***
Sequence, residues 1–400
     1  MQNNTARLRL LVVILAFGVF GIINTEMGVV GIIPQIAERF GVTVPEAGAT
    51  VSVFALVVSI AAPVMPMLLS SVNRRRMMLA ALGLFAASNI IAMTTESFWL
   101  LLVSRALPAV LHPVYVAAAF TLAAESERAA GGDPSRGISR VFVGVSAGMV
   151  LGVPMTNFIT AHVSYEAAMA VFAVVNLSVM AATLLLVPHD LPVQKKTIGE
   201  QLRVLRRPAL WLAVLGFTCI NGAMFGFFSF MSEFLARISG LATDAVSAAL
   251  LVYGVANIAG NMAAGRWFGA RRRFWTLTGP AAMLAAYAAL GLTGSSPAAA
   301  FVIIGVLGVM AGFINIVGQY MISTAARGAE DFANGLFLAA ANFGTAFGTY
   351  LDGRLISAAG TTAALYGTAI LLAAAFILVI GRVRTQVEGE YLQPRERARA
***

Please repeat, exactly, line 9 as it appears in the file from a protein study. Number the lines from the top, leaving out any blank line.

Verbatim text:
   351  LDGRLISAAG TTAALYGTAI LLAAAFILVI GRVRTQVEGE YLQPRERARA